Human Inflammatory Dendritic Cells Induce Th17 Cell Differentiation

Immunity. 2013 Feb 21;38(2):336-48. doi: 10.1016/j.immuni.2012.10.018. Epub 2013 Jan 24.

Abstract

Dendritic cells (DCs) are critical regulators of immune responses. Under noninflammatory conditions, several human DC subsets have been identified. Little is known, however, about the human DC compartment under inflammatory conditions. Here, we characterize a DC population found in human inflammatory fluids that displayed a phenotype distinct from macrophages from the same fluids and from steady-state lymphoid organ and blood DCs. Transcriptome analysis showed that they correspond to a distinct DC subset and share gene signatures with in vitro monocyte-derived DCs. Moreover, human inflammatory DCs, but not inflammatory macrophages, stimulated autologous memory CD4(+) T cells to produce interleukin-17 and induce T helper 17 (Th17) cell differentiation from naive CD4(+) T cells through the selective secretion of Th17 cell-polarizing cytokines. We conclude that inflammatory DCs represent a distinct human DC subset and propose that they are derived from monocytes and are involved in the induction and maintenance of Th17 cell responses.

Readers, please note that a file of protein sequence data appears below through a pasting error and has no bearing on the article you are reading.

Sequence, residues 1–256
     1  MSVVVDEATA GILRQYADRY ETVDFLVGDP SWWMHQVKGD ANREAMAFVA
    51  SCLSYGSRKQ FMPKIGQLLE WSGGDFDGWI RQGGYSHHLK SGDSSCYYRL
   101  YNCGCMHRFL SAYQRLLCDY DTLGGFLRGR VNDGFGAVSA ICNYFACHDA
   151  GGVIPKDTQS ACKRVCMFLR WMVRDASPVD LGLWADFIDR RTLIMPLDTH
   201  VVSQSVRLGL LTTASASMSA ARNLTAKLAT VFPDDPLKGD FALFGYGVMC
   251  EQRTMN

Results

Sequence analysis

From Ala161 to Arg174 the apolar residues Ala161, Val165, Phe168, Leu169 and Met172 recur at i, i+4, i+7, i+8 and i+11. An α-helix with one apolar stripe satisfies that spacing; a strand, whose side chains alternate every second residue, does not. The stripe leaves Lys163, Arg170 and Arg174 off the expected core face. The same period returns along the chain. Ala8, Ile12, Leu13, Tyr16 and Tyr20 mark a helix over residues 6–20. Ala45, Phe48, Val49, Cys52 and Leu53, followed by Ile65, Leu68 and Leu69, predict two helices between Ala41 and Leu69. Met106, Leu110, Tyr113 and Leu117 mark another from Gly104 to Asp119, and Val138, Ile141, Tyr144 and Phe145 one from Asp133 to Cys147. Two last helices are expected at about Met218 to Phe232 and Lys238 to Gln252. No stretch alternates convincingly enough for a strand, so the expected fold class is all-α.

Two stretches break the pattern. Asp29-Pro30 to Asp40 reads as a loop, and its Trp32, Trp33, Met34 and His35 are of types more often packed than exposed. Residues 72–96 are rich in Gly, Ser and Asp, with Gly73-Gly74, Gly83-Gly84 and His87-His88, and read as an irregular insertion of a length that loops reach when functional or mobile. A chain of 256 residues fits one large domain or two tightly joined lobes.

Publication types

  • Research Support, Non-U.S. Gov't

MeSH terms

  • CD4 Antigens / genetics
  • CD4 Antigens / immunology
  • Cell Differentiation
  • Cells, Cultured
  • Dendritic Cells / immunology
  • Dendritic Cells / pathology*
  • Humans
  • Immunologic Memory
  • Inflammation / genetics
  • Inflammation / immunology
  • Inflammation / pathology*
  • Interleukin-17 / biosynthesis
  • Interleukin-17 / immunology*
  • Lymphocyte Activation
  • Macrophages / immunology
  • Macrophages / pathology*
  • Monocytes / immunology
  • Monocytes / pathology*
  • Organ Specificity
  • Signal Transduction
  • Th1-Th2 Balance
  • Th17 Cells / immunology
  • Th17 Cells / pathology*
  • Transcriptome / immunology

Substances

  • CD4 Antigens
  • Interleukin-17